Any Mormon worth his salt knows that scripture is meant to be “likened” unto ourselves. Latter-day Saints from Joseph Smith to the most recently-called missionary have cheerfully wrested scriptures from their context and misapplied the prophecies to their own lives. One might be tempted to urge caution when so doing, but with this Sunday School lesson I am going to throw that caution to the winds.
The Book of Ezra recounts the story of Cyrus, king of Persia and patron of the Jews. This king’s decree that the Jews are to be allowed to return to Jerusalem to rebuild the Temple is in fulfillment of prophecies made by Jeremiah and Isaiah. Our lesson explains that a passage of scripture written 150 years before his birth spoke to Cyrus personally and mentioned him by name:
Why did Cyrus decree that a temple should be built again in Jerusalem? (See Ezra 1:1–2.) How did Cyrus know the Lord wanted him to do this? The words of Cyrus that are recorded in Ezra 1:2 refer to a prophecy in Isaiah 44:28 that mentioned Cyrus by name (see also Isaiah 45:1–5; explain that although the story of Cyrus comes before the book of Isaiah in the Old Testament, Isaiah lived about 150 years before Cyrus was born). The ancient Jewish historian Flavius Josephus reported that Cyrus read his name in Isaiah’s prophecies, was touched by the Spirit of the Lord, and desired to fulfill what was written.
The student is asked:
How would you feel if you were reading the scriptures and read a prophecy that gave your name and described specific things you would do?
Have you ever been reading the scriptures and felt that a particular passage spoke directly to you? (Invite class members to share their experiences.) How have the scriptures helped provide direction specifically for your life?
As you exercise this principle, you need not worry about the scripture’s original historical intent – to misapply scriptures is biblically sanctioned, as I will demonstrate.
A common method of interpretation in Second-Temple Judaism was Pesher interpretation. Using this method, a teacher would take a biblical text which may have originally applied to one group of people or circumstances and apply it to another. Sometimes great leaps of logic may even have been required to make the text “fit.” A prime example of this was found in the Dead Sea Scroll Pesher Habbukkuk. This scroll included most of the text of Habbukkuk with an interpretation applying it to contemporary individuals and events in the Qumran community. Decontextualization (the isolation of the biblical verse from its immediate context), the use of variant readings and assigning multiple meanings to words are all evident in this pesher.
The New Testament is also somewhat egregious in its application of biblical prophecy to contemporary event.
For example, In Isa 7:14 Isaiah says to Ahaz that God would give him a sign: the virgin (MT: ha-almah, or young woman) will give birth to a son, and will call his name Emmanuel; before that child knows the difference between right and wrong the two kings that Ahaz fears will no longer be a threat to him. The author of Matthew finds a further meaning for this passage: It is predictive of the virgin birth of Jesus, who is born of a “virgin” (parthenos) and is named appropriately Emmanuel, “God with us.” In other words, he interprets Isa 7:14 in pesher fashion, finding a second, eschatological meaning for this text.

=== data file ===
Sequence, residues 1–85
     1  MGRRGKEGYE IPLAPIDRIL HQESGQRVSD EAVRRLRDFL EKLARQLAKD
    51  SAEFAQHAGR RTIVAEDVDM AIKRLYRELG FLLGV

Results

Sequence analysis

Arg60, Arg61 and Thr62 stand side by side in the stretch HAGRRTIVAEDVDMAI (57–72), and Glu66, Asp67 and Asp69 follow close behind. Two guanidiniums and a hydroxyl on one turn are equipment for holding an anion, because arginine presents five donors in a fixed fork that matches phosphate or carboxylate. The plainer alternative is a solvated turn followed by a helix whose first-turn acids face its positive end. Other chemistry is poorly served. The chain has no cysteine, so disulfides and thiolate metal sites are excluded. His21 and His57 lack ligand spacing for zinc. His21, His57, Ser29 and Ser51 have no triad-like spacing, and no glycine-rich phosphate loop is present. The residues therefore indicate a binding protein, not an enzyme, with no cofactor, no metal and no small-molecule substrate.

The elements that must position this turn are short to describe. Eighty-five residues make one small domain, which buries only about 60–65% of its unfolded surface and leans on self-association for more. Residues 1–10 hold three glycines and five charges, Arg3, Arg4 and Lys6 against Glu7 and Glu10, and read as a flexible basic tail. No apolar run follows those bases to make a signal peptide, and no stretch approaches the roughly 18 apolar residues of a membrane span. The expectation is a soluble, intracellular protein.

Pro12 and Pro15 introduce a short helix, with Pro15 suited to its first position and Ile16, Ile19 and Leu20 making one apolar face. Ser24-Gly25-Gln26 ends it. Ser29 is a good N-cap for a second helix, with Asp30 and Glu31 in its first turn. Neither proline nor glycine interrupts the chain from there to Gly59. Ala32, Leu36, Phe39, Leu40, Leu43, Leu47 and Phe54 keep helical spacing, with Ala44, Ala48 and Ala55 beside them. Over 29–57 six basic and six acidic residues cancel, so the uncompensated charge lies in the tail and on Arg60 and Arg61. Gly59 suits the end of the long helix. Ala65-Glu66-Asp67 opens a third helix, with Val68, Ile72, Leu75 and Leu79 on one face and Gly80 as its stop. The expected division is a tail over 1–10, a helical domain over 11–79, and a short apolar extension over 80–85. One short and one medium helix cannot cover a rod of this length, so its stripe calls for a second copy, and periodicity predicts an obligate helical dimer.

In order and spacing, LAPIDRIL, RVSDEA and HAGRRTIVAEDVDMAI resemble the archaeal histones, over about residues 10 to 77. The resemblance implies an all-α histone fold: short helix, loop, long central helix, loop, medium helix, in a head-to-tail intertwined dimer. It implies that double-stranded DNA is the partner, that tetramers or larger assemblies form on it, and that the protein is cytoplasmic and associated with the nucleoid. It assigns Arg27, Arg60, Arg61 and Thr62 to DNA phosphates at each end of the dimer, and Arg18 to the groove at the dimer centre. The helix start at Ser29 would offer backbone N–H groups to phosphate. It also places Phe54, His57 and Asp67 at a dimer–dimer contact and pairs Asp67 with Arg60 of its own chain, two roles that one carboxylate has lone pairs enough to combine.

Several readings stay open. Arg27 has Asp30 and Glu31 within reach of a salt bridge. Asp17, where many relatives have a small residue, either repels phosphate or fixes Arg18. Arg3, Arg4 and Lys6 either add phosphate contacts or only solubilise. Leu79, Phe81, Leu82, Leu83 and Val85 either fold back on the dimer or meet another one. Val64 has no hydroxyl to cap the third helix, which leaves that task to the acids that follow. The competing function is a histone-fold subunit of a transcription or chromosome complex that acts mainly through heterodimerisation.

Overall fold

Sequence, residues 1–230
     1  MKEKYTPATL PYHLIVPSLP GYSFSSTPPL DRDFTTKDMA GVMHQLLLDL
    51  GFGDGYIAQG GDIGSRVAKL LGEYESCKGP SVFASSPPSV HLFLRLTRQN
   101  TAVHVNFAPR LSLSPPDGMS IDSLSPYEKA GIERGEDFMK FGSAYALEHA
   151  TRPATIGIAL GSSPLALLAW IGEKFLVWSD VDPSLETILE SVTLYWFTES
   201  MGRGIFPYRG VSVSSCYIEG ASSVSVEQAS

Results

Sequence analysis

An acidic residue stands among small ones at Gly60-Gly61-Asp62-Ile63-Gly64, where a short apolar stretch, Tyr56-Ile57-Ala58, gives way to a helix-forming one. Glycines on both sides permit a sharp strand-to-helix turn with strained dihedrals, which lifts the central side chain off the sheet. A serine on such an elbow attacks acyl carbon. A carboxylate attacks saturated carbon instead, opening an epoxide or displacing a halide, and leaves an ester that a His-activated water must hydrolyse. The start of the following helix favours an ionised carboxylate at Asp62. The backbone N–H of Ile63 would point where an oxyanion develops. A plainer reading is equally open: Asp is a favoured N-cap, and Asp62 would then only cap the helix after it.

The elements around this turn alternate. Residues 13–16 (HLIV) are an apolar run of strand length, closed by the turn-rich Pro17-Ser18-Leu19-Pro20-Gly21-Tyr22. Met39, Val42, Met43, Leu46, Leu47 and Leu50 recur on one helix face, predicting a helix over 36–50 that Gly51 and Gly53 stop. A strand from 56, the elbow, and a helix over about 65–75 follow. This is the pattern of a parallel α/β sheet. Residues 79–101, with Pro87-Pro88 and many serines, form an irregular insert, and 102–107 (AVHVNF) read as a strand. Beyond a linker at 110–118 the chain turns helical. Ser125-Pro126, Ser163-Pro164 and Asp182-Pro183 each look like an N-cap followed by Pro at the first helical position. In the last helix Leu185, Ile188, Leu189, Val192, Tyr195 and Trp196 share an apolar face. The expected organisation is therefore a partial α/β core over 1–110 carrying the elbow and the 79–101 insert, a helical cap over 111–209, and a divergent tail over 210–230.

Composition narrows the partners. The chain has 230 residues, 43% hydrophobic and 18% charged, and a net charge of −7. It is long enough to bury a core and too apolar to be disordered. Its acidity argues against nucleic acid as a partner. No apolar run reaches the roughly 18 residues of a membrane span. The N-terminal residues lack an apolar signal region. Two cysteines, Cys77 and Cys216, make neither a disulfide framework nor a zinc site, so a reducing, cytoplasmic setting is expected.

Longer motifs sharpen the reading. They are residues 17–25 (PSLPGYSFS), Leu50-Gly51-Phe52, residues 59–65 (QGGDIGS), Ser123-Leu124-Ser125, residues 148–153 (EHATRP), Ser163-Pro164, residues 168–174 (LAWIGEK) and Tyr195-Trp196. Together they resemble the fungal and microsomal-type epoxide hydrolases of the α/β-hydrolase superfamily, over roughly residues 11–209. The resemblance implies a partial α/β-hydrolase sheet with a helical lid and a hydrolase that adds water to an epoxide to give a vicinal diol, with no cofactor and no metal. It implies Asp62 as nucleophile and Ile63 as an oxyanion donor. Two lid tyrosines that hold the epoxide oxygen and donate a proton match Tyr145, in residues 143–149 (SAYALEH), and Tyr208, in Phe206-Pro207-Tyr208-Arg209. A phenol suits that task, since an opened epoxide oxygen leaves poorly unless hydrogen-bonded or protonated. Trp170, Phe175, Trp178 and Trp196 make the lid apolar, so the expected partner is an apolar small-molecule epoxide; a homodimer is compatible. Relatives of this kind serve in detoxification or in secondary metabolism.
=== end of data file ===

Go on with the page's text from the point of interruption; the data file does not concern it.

Jesus himself gives an important reinterpretation when he reads from Isaiah 61:1-2 in the synagogue at Capernaum, sits down, and then proclaims, “Today, this scripture has been fulfilled in your hearing.” In the original context, the one speaking in Isa 61:1-2 is the prophet, but, apparently, the fact that Isa 61:1 says that, “The Lord has anointed me” allows Jesus to conclude actually it is the Messiah who is speaking. Jesus interprets this text messianically and then claims implicitly to be the Messiah because he has been doing what is described in Isaiah 61.
The early Nephite prophets often applied Old Testament prophecy to their own people, using the word liken for their practice of applying parallels rather than strict historical context to the passages. Just as the writers of the Qumran scrolls, early Book of Mormon prophets displayed an awareness of the larger meaning of prophecy and its narrower application to their own “branch.” Nephi, who quoted more chapters of Isaiah than any Book of Mormon personality, announced: “I did read unto them that which was written by the prophet Isaiah, for I did liken all scriptures unto us” (1 Nephi 19:23). An example of Nephi’s “likening” brought together several passages from the Pentateuch and Isaiah on the subject of the Messiah’s mission and the latter-day gathering, insisting that “it meaneth us in the days to come, and also all our brethren who are of the house of Israel” (1 Nephi 22:6).
Indeed, there is plenty of precedent throughout the ages to use the scriptures creatively to give insights upon our own lives and circumstances. This accords with the counsel of Dallin H. Oaks in this week’s lesson: